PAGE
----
I was hired in 2011 at the Leibniz Institute for Astrophysics to help write the pipeline of the MUSE instrument. Back then it seemed so distant that the instrument would actually collect photons one day. In September of that year, we were so excited to test our pipeline on lab photons and to work with the first simulated data. This year in 2014 MUSE will begin actual astronomical observations, first light is only a few day away!
It has been quite exciting to slowly integrate myself within the MUSE team. While I have not done any hardcore programming on the pipeline itself (my colleague Peter Weilbacher did the excellent work of building the core and framework of the program), we have been testing, adjusting and writing lots of technical reports relating to the pipeline. Furthermore, as part of the science team, we have run many simulations, feasibility studies to test whether the science vision of our team members will be possible. Over the last 2 years, I have also written the User Manual for the pipeline, so if you are interested in MUSE data reduction, I am your gal (hint, hint for all you science collaborators out there).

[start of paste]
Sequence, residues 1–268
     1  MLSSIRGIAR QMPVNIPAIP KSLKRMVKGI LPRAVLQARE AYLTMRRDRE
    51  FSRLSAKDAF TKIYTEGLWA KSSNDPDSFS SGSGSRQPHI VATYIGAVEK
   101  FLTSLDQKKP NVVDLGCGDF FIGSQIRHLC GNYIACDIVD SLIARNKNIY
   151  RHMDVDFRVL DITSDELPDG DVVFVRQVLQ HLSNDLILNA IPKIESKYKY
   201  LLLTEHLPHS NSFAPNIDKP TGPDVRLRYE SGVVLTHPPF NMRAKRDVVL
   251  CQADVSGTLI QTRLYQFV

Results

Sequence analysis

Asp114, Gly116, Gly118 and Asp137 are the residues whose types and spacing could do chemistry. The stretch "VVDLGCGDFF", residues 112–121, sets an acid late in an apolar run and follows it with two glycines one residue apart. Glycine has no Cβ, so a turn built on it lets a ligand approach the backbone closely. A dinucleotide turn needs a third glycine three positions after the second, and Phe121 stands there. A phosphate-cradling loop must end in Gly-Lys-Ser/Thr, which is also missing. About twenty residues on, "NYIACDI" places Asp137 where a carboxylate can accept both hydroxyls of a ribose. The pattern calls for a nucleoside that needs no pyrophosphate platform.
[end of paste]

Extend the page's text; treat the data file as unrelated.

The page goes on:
Now the instrument is becoming a reality. We are already working on data taken at the VLT UT 4 telescope! They are only flats and arc lamp exposures, no on-sky data yet, but it is exciting that the mounting of the instrument went so smoothly and that data is actually coming in from Chile. Nevertheless, there are some kinks to be worked out. Beginning of February there will be a 2 week commisioning run testing out the instrument’s performance on different (calibration) objects on the sky – bright stars, galaxies and other objects.
If you are interested in this stage of the MUSE development, either because you may be interested in proposing to observe with MUSE or just because of general astronomical interest, I suggest you follow the blog over at http://muse-vlt.eu/blog/MUSE-Comm/Blog/Blog.html. We plan on being very community conscious and want to release as much information to the scientific community as possible. The intent of the blog is geared towards the professional astronomer or the very interested amateur, hopefully you will find it helpful and will propose to observe with MUSE! In the future, we plan not only to write about the instrument’s progress, but to show behind the scenes reduction and new science results relating to MUSE. Stay tuned, 2014 will be an exciting year for large datasets related to integral field (3D) astronomy!
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